Foundation Diploma in Plant Varieties

Course CodeVHT220
Fee CodeFD
Duration (approx)1020 hours
QualificationFoundation Diploma

Online Foundation Diploma in Plant Varieties - Become a Plant Professional.

Many people work with plants, but never really get to know them well. Some are gardeners, others may be planners, architects, engineers, developers, builders, fertiliser salesmen or something else.

Being able to identify and successfully work with thousands of different plants is and always has been a valued attribute.

This course can help you be that type of plantsman.

FIRST

Undertake our 20 hour course on Plant Taxonomy

NEXT

Complete Horticulture II

THEN 

Undertake 9 elective modules each focused on a different type of plant.

Enrol today and get a free 20 hours self study course in Plant Taxonomy!

Modules

Core ModulesThese modules provide foundation knowledge for the Foundation Diploma in Plant Varieties.
 Plant Identification and Knowledge (Horticulture II) BHT102
 Plant Taxonomy SGH9
 
Elective ModulesIn addition to the core modules, students study any 9 of the following 40 modules.
 Acacias VHT114
 African Violets VHT105
 Australian Native Trees VHT115
 Australian Natives I BHT113
 Azaleas And Rhododendrons VHT106
 Cacti And Succulent Culture VHT108
 Carnivorous Plants VHT107
 Eucalypts VHT117
 Geraniums & Pelargoniums VHT113
 Growing Camellias VHT109
 Growing Carnations VHT110
 Growing Grevilleas VHT118
 Growing Iris VHT111
 Herb Culture BHT114
 Australian Natives II BHT225
 Commercial Vegetable Production BHT222
 Conifers BHT230
 Culinary Herbs VHT242
 Deciduous Trees BHT224
 Growing Lavender BHT228
 Medicinal Herbs BHT227
 Nut Production BHT219
 Orchid Culture BHT232
 Palms & Cycads BHT233
 Roses BHT231
 Scented Plants BHT229
 Tropical Plants BHT234
 Viticulture BHT220
 Agronomic Root Crops BAG310
 Agronomy II -Grains BAG309
 Australian Bush Food Plants BHT328
 Berry Production BHT309
 Bonsai BHT320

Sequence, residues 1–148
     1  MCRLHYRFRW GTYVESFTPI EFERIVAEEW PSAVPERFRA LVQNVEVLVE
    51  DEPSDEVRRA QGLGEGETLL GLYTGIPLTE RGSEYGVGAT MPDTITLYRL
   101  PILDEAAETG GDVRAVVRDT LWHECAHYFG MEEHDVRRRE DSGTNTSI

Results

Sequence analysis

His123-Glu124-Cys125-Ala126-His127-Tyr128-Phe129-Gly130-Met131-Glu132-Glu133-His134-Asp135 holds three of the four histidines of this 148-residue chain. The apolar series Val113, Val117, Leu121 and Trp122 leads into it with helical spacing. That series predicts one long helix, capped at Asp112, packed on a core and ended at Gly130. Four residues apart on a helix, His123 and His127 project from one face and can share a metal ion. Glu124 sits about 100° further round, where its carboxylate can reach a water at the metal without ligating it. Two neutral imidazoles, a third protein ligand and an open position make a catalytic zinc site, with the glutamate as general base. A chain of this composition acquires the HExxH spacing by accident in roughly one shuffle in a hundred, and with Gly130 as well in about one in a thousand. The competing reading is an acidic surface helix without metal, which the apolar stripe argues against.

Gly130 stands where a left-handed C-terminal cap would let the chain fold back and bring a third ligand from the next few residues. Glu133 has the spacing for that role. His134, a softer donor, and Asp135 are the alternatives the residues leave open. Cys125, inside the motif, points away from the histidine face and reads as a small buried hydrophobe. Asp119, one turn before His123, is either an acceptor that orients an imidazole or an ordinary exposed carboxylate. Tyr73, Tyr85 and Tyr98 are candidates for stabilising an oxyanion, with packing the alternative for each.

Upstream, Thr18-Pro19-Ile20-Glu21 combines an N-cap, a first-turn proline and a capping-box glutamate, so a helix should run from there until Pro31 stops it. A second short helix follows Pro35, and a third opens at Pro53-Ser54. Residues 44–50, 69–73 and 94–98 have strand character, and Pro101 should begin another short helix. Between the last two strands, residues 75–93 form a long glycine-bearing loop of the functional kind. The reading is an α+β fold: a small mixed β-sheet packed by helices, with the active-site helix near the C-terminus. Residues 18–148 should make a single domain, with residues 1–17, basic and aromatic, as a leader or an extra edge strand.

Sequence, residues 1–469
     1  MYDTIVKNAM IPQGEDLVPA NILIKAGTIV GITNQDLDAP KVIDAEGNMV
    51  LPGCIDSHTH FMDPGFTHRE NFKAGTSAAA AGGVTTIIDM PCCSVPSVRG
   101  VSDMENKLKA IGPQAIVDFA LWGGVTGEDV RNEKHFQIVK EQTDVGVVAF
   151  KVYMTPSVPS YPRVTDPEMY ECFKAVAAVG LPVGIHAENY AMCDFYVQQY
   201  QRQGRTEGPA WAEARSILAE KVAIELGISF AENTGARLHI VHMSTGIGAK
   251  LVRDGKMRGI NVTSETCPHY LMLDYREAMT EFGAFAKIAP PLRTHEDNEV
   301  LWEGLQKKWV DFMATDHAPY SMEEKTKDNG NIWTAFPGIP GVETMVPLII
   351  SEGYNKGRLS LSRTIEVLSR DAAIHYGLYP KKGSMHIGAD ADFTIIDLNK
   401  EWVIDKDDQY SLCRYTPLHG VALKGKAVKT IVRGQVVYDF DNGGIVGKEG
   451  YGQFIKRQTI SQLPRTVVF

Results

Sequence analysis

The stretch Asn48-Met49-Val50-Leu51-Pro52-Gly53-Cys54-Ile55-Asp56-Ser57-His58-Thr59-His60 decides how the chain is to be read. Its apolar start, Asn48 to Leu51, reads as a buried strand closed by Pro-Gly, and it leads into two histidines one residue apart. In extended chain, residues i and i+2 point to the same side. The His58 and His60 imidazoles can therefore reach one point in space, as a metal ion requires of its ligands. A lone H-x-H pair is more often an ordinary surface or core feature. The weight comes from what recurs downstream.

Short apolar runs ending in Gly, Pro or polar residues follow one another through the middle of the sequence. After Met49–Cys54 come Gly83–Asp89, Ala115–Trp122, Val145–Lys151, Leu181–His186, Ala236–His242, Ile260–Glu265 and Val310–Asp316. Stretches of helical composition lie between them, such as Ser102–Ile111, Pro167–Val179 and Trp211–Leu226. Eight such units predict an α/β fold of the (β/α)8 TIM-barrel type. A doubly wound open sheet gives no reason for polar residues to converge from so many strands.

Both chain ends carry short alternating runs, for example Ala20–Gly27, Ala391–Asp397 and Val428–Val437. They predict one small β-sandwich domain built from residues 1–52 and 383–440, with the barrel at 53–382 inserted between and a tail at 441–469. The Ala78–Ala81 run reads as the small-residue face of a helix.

Cut Flower Bulbs BHT317
 Ferns BHT314
 Growing Annuals BHT319
 Interior Plants (Indoor Plants) BHT315
 Perennials BHT316
 Proteas BHT318
 Turf Grasses BHT342
 

Note that each module in the Foundation Diploma in Plant Varieties is a short course in its own right, and may be studied separately.


Learn Why We Plant

There are four reasons for planting:

Crop Production: To grow something that can be harvested such as a vegetable, fruit or nut.

Amenity Function : Planting is primarily to serves some distinct function (other than harvest); such as control of environmental factors (i.e. temperature, wind, shade etc.) or provision of a boundary to an area.

Aesthetics: This serves to beautify, or create a particular atmosphere or appearance.

Conservation: This acts to conserve particular species (or varieties) of plants or to preserve some particular type of environment (eg. erosion control).  For example: Habitat of the Barred Bandicoot.  An area of creek land in Hamilton, Australia has been planted with Eucalyptus ovata, Eucalyptus camaldulensis, Bursaria spinosa, Acacia mearnsii, Acacia melanoxylon and Leptospermum lanigerum. This area is populated by a small colony of the rare barred bandicoot. It is hoped by this selected planting, an environment will be created which will encourage the continuation of this colony.